Rebecca A. Landry, booked on a murder count Thursday after the remains of an infant she gave birth to 14 years ago were found, had given birth just a year earlier to another child whom she ultimately handed over to relatives.
Lafayette police arrested Landry, 57, after the remains of the infant were discovered in a storage unit by a man who had purchased the unit and its contents in an auction from Bridge Storage in the 2100 block of Verot School Road.
Landry told police she gave birth to the child in her apartment in late 2001 and placed the baby’s body in a box after the infant stopped breathing several days later, never seeking medical attention, according to the affidavit for her arrest.
About a year earlier, Landry had given birth to a son who lived with her parents before she asked her own daughter and son-in-law in 2008 to care for the child, according to court records filed to transfer custody.
The brief court filings in the case state no one knew who the father was and the arrangement was for “the best interest and best welfare of the minor child.”
The relatives involved could not be reached for comment Friday.
Landry told detectives she initially kept the box containing the baby’s remains in her apartment but in 2002 brought the box to her mother’s storage unit, where it remained until an employee at the facility reported the discovery to police about 8:20 a.m. Thursday.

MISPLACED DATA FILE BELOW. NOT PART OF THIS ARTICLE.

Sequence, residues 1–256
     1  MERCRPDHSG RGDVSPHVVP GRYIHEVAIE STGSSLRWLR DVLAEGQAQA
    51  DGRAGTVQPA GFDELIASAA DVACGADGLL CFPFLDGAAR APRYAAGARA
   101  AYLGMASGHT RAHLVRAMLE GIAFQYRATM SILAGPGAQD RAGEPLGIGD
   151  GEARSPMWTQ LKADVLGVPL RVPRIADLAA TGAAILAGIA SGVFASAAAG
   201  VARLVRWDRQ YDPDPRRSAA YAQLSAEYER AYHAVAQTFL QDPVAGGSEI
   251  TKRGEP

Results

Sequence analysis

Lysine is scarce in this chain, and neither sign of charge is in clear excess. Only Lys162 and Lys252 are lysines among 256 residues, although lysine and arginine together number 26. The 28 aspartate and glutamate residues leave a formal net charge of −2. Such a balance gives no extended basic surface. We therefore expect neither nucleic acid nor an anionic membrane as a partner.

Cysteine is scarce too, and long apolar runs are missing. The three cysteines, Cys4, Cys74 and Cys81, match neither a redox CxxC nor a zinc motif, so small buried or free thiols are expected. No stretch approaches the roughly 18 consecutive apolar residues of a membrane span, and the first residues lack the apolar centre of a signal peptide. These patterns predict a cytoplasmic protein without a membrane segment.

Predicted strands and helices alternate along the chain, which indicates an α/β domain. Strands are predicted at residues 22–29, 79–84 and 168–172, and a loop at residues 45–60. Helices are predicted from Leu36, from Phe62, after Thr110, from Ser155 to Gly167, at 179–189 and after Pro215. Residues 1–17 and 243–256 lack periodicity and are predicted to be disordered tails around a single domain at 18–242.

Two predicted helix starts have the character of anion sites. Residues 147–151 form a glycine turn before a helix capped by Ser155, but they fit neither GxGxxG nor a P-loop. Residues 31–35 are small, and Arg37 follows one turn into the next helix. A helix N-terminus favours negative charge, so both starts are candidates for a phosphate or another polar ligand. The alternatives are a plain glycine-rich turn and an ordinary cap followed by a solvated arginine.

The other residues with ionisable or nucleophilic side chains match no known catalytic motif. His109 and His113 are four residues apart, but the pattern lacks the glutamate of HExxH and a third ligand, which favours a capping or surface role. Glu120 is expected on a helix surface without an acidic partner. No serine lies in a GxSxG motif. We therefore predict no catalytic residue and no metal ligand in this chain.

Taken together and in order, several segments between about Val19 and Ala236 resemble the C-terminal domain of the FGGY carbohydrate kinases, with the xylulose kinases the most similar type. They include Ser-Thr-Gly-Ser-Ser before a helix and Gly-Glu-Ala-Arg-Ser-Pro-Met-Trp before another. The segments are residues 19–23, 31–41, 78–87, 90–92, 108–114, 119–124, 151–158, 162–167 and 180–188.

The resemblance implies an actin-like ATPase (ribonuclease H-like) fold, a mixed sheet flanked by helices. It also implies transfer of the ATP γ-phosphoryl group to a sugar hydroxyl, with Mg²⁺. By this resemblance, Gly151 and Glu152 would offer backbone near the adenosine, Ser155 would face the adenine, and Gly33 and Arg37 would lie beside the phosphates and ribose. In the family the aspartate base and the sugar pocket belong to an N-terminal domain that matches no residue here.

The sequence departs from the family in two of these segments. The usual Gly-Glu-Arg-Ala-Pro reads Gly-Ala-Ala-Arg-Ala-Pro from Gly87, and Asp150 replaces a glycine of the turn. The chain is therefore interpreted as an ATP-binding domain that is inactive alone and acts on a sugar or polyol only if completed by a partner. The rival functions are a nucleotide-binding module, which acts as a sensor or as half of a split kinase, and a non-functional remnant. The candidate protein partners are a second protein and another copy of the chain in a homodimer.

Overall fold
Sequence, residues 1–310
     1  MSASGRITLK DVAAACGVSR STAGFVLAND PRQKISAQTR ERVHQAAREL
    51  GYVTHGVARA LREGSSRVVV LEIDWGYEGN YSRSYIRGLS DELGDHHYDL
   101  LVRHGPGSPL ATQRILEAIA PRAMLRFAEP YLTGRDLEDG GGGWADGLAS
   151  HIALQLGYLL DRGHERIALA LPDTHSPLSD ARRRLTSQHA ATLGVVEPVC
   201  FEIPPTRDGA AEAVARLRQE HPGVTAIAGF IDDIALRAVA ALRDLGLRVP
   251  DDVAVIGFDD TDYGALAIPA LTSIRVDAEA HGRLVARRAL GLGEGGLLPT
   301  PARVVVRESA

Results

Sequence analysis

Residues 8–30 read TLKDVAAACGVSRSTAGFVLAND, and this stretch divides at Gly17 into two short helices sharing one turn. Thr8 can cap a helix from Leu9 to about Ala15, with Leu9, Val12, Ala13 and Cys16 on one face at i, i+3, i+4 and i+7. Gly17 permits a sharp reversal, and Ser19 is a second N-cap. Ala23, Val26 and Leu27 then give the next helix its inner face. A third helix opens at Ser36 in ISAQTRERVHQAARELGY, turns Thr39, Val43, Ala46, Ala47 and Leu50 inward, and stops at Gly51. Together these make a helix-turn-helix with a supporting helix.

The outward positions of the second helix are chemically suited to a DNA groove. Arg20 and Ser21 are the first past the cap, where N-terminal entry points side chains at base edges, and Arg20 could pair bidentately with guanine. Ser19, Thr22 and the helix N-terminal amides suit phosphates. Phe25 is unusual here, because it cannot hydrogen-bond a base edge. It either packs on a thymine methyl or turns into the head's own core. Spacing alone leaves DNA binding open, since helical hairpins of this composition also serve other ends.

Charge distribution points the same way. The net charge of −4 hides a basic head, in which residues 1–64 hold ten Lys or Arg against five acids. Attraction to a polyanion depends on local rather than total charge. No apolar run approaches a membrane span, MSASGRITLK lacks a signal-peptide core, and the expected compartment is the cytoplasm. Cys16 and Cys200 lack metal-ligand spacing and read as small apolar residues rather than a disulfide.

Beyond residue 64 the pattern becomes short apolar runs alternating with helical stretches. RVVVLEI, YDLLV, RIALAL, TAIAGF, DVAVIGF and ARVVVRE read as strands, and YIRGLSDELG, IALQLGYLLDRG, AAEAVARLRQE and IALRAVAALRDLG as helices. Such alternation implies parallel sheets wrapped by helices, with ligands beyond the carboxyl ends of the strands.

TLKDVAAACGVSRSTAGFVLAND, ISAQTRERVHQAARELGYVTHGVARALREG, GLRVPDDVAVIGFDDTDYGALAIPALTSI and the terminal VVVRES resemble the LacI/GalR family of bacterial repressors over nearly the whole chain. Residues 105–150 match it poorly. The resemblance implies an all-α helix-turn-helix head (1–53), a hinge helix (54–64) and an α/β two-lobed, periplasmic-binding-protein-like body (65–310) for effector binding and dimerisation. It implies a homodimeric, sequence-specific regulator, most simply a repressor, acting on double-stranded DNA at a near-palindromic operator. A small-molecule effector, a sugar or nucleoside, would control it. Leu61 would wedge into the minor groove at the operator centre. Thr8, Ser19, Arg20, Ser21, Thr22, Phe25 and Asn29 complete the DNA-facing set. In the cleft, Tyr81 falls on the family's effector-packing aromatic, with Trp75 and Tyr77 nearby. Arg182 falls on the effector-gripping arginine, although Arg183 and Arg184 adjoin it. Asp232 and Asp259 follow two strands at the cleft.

Landry was booked on second-degree murder within four hours, after investigators tracked her down through business records and linked her to other items found in the storage unit.
On Friday morning, 15th Judicial District Commissioner Thomas Frederick ruled she be held without bail pending a court hearing on Monday.
At Friday’s hearing, conducted via video from the jail, Landry said she could not afford a lawyer and was referred to the Public Defender’s Office for legal representation.
No attorney had been assigned the case as of Friday afternoon, but the director of the 15th Judicial District Public Defender’s Office, attorney G. Paul Marx, questioned why police booked her on murder.
“It seems like a tremendous stretch before you have medical evidence,” Marx said. “Clearly a deceased baby doesn’t establish a homicide.”
If investigators have evidence of how the child died, they have not said.
The affidavit for Landry’s arrest states only that the baby stopped breathing and that Landry did not seek medical attention.
“The defendant has other children and is knowledgeable of the consequences of not seeking medical treatment for infants,” the affidavit states.
Fifteenth Judicial District Attorney Keith Stutes, in an email, said questions about the appropriate charge in the case “cannot be answered simply without the benefit of a full and objective investigation and presentation of all of the relevant facts.”
“I await the completion of that investigation and a diligent review,” he said.
Landry faces life in prison if convicted on second-degree murder.
Follow Richard Burgess on Twitter, @rbb100.